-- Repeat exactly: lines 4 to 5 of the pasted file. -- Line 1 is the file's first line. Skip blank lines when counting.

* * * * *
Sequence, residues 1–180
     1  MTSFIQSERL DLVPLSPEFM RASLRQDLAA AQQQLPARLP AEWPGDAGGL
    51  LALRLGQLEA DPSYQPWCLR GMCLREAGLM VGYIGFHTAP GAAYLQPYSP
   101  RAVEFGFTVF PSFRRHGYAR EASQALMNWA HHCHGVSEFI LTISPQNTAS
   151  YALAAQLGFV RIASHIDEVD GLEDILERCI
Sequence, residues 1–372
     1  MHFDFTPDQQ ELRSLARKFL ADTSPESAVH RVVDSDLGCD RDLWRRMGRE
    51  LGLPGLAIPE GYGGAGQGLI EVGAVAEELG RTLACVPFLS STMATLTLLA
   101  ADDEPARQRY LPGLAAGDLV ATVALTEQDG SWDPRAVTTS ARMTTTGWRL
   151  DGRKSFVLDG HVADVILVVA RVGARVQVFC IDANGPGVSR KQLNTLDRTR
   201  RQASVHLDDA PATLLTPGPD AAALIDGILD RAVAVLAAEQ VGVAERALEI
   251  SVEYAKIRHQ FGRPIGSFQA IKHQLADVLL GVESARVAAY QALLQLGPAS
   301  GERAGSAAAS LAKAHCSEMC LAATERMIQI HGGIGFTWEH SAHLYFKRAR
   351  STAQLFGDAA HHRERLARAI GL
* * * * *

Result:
   101  RAVEFGFTVF PSFRRHGYAR EASQALMNWA HHCHGVSEFI LTISPQNTAS
   151  YALAAQLGFV RIASHIDEVD GLEDILERCI